SKIN-FLORA INHIBITION TEST

Each disposable diaper was applied with 100 g of baby's urine and inoculated with about 106 microorganisms of Candida albicans, one of the common skin-floral microorganisms, per 1 g of urine. Said each disposable diaper was placed into a sealed 5 l chamber and incubated at 38° C. After 1 hour, the ammonia concentration was measured by the gastic reactotube method using Kitagawa AP-1 gas detector(Komyo, Japan) and 3M, 3L and 3La gas reactotubes(Gastec, Japan).

The above test was repeated 3 times for each of Examples and Comparative Examples; and the average of the three measured values was recorded as the ammonia concentration value.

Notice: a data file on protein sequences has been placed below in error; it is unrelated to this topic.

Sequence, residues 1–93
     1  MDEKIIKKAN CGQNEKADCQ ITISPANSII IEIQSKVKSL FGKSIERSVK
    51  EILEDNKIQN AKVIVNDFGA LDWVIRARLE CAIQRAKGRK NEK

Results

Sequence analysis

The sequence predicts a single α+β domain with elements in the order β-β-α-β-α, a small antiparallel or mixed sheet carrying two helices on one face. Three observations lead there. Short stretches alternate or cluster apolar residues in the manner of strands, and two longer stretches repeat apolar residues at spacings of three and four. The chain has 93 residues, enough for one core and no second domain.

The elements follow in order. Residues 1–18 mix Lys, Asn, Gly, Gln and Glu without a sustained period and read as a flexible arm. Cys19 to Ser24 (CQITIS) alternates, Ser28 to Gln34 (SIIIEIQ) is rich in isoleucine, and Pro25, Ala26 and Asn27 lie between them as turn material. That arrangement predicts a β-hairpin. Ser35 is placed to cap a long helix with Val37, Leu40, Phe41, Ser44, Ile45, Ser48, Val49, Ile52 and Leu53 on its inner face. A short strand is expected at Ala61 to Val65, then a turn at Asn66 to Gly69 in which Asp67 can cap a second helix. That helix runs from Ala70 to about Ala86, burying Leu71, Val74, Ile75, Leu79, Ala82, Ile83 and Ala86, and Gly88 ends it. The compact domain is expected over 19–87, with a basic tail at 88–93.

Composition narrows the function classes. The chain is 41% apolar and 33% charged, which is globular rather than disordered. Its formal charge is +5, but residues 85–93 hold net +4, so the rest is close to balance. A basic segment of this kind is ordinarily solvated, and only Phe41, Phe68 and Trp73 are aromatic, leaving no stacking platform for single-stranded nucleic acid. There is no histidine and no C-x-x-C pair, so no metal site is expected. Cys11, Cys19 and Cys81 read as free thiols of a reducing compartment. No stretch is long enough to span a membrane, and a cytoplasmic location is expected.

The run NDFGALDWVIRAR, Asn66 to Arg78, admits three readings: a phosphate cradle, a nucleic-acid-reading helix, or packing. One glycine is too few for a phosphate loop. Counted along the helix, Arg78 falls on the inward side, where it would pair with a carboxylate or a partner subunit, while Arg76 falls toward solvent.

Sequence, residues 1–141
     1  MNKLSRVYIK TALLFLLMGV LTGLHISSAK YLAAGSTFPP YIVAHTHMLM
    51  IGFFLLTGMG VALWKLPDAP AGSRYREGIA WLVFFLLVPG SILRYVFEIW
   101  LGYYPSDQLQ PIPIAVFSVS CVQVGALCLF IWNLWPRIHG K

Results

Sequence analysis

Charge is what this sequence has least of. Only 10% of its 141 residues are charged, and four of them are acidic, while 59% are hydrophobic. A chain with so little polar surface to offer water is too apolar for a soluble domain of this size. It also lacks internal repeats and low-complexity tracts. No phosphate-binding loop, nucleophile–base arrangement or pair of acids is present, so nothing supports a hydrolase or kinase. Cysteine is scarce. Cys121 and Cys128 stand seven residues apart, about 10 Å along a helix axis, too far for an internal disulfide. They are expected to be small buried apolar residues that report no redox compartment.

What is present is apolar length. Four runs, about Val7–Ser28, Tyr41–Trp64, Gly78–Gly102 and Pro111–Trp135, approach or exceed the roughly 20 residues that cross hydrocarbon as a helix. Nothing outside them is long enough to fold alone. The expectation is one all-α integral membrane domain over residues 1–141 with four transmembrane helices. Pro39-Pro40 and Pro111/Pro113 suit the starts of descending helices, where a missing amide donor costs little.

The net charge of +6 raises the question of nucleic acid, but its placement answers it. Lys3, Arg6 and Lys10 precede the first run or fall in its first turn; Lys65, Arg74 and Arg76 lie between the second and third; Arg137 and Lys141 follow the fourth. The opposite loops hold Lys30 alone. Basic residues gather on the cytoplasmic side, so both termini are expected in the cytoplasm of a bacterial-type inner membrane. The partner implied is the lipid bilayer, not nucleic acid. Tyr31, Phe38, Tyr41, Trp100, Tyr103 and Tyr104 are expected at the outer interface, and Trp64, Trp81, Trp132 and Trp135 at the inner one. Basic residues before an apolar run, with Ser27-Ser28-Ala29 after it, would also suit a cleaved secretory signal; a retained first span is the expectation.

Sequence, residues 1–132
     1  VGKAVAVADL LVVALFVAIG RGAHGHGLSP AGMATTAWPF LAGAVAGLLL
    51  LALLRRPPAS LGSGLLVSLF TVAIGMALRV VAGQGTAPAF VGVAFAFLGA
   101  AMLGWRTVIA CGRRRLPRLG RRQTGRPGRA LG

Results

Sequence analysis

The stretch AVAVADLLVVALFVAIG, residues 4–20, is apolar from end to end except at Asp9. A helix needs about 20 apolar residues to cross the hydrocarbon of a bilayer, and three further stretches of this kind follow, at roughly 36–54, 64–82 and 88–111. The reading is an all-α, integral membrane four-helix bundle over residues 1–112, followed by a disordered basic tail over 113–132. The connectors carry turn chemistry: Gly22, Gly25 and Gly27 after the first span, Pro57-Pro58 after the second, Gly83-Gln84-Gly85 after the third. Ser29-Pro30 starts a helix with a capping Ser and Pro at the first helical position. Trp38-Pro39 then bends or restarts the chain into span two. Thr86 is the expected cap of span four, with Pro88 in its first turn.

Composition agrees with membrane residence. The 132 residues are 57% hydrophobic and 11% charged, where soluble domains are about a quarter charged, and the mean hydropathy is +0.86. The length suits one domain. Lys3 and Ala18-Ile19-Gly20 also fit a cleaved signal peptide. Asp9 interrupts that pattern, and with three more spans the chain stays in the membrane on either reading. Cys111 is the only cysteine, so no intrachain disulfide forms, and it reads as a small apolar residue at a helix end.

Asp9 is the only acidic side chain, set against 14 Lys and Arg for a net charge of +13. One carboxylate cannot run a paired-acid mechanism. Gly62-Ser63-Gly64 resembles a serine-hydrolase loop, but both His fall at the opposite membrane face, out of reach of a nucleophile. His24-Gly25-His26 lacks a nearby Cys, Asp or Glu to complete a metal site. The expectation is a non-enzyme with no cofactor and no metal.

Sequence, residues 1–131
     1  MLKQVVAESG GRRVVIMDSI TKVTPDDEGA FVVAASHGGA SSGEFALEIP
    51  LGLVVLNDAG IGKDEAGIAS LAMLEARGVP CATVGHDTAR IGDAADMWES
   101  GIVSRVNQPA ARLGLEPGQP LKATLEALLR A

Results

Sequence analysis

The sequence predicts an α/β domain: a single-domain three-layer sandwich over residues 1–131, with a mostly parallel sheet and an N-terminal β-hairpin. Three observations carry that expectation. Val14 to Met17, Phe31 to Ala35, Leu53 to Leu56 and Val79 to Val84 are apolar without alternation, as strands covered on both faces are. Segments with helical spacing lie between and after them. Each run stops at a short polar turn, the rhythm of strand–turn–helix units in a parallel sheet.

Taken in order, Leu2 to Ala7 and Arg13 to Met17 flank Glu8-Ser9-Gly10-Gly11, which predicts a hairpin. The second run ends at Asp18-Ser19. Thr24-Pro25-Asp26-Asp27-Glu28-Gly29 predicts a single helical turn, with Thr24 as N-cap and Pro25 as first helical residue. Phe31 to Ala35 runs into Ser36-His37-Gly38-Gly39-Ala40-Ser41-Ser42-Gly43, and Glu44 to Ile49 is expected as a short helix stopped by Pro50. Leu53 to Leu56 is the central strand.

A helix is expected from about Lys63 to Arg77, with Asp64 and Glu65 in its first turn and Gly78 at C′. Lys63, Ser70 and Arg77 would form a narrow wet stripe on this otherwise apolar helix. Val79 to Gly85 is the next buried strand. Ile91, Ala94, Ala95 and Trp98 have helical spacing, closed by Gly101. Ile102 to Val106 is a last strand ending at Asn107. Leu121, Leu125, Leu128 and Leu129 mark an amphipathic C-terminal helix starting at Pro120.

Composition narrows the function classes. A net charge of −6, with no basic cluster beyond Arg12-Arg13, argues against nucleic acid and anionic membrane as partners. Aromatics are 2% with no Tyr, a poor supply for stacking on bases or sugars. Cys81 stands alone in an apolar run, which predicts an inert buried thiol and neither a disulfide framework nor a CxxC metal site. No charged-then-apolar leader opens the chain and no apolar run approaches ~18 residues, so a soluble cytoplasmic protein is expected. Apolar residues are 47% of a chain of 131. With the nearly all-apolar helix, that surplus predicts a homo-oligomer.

Inhibition rate against the microorganisms was calculated from the ammonia concentration values in accordance with the following equation: ##EQU2## The results are shown in Table 4 and FIG. 1.

DERMATITIS AND RASH PREVENTION TEST

Each disposable diaper was put on by 100 babies of 3 to 12 month old for 4 days, changing the diaper about 8 times per day; and then the number of babies having diaper rash was counted. The results are shown in Table 4.